This is only the second year I have done my own taxes -using Turbo Tax - and I found it made my blood pressure increase. I have always used a CGA, but my CGA retired two years ago and moved to the Bahama's and I did not like the firm that assumed his clients.

I find the income tax process frustrating and unnecessarily complicated. I may not be alone there.

Once again, thank you all for your comments and advice.
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Re: Capital Losses

Postby StuBee » 19 Nov 2011 10:41

Concerning the transferring of capital losses between spouses.
Example: Spouse A sells 500 Shares of company X for a 10,000$ loss and immediately spouse B purchases 300 shares of the same company X and then a month later sells his entire position.

For taxation purposes, is spouse A considered to have a 4,000$ capital loss and spouse B a 6,000$ loss? (Or is the entire capital loss denied to spouse A)
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Re: Capital Losses

Postby Peculiar_Investor » 19 Nov 2011 10:58

I think StuBee's question is exactly what Tim Cesnick covered recently, This holiday season, make your capital losses count - The Globe and Mail.
Transfer losses

If you have losers in your portfolio but no gains against which to apply these losses, take a look at your spouse’s portfolio to see whether he or she has any capital gains. If so, there’s a way to effectively transfer your unrealized capital losses (losses on paper) to your spouse. (If you’ve already sold the investment this idea may still work if you realized the capital loss in the last 30 days.)

In a follow-up, For tax savings, take advantage of four key deadlines - The Globe and Mail he indicates
Nov. 22

This is the last day to initiate the transfer of unrealized capital losses from you to your spouse for your spouse to use those losses in 2011. I spoke about this strategy last week. The first step in the strategy is to sell some of your investments that have declined in value. This step needs to be done on or before Nov. 22 to ensure that the strategy can be completed by the end of the calendar year (see last week’s article for more details, tgam.ca/DEOA).
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Re: Capital Losses

Postby StuBee » 19 Nov 2011 11:14

Thanks for your reply Peculiar investor! However, it does not answer my question...
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Re: Capital Losses

Postby Peculiar_Investor » 19 Nov 2011 11:24

Ah, I didn't catch the fact that a different number of shares were re-purchased. So let's try again.

I would think that in your example, 300 shares are 'identical properties' for the purposes of IT-387R2 (Consolidated) Meaning of "Identical Properties" and therefore Spouse A has 200 shares that are treated per normal tax rules. I'm not an accountant, so perhaps one of our resident experts (DavidR) could chime in and confirm.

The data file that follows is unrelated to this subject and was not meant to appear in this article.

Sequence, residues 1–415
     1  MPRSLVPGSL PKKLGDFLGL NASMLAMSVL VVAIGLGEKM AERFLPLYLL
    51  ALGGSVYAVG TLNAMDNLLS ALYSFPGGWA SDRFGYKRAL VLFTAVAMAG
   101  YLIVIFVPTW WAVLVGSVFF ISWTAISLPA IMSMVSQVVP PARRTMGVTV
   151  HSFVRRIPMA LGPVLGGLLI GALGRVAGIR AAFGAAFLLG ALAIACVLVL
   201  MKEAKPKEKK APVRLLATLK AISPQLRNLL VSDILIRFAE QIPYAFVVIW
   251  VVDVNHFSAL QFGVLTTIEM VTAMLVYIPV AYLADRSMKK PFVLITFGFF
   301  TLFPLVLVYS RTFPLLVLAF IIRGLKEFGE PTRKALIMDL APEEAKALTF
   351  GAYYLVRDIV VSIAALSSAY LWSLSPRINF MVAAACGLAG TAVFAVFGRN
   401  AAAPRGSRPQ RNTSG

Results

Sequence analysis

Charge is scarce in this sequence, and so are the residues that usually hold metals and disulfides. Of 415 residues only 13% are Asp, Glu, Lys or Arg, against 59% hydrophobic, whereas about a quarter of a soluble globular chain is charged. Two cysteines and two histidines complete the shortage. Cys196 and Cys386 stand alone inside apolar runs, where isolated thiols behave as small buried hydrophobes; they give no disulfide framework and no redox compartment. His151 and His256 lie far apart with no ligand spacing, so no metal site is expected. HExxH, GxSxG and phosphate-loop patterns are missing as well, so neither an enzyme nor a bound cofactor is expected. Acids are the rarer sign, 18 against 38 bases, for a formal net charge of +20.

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Re: Capital Losses

Postby DavidR » 20 Nov 2011 13:44

I agree with PI's answer.
The superficial loss rules would apply to only 300 of the 500 shares.

So in Stubee's example, Spouse A reports a $4,000 capital loss and spouse B $6,000
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Re: Capital Losses

Postby StuBee » 20 Nov 2011 15:22

Thanks DavidR
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Re: Capital Losses

Postby CROCKD » 12 Dec 2011 19:16

As this is the season of tax loss selling, my question pertains to capital losses carried forward. So far I have only carried back losses.

To date I have not claimed Carried Forward Capital Losses (Net capital losses of other years) Line253 on the tax form.

Playing around with tax software it seems to me that the total carried forward amount is deducted from Net Income to calculate Taxable Income even if the carried forward amount is more than the taxable capital gain for the year under consideration.

For example Taxable Capital Gain of $205 reported on Line 127
Net capital losses from other years reported on Line 253 of $350

Anyone care to comment?
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Re: Capital Losses

Postby SLeazebag » 12 Dec 2011 19:41

CROCKD wrote:As this is the season of tax loss selling, my question pertains to capital losses carried forward. So far I have only carried back losses.

To date I have not claimed Carried Forward Capital Losses (Net capital losses of other years) Line253 on the tax form.

Playing around with tax software it seems to me that the total carried forward amount is deducted from Net Income to calculate Taxable Income even if the carried forward amount is more than the taxable capital gain for the year under consideration.

For example Taxable Capital Gain of $205 reported on Line 127
Net capital losses from other years reported on Line 253 of $350

Anyone care to comment?


Perhaps there is something wrong with the tax software that you are using? I just tried using CanTax and if line 127 is $205 and if the net capital loss carryforward is $350, CanTax limits the amount deducted on line 253 to $205.